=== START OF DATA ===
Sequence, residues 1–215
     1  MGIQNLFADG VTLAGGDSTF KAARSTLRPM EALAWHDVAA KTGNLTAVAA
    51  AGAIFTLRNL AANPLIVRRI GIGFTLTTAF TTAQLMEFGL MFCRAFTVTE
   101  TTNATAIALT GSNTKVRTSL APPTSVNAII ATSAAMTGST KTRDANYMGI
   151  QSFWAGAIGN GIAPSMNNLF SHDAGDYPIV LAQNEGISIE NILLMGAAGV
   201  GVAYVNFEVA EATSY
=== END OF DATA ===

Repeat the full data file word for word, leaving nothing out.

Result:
Sequence, residues 1–215
     1  MGIQNLFADG VTLAGGDSTF KAARSTLRPM EALAWHDVAA KTGNLTAVAA
    51  AGAIFTLRNL AANPLIVRRI GIGFTLTTAF TTAQLMEFGL MFCRAFTVTE
   101  TTNATAIALT GSNTKVRTSL APPTSVNAII ATSAAMTGST KTRDANYMGI
   151  QSFWAGAIGN GIAPSMNNLF SHDAGDYPIV LAQNEGISIE NILLMGAAGV
   201  GVAYVNFEVA EATSY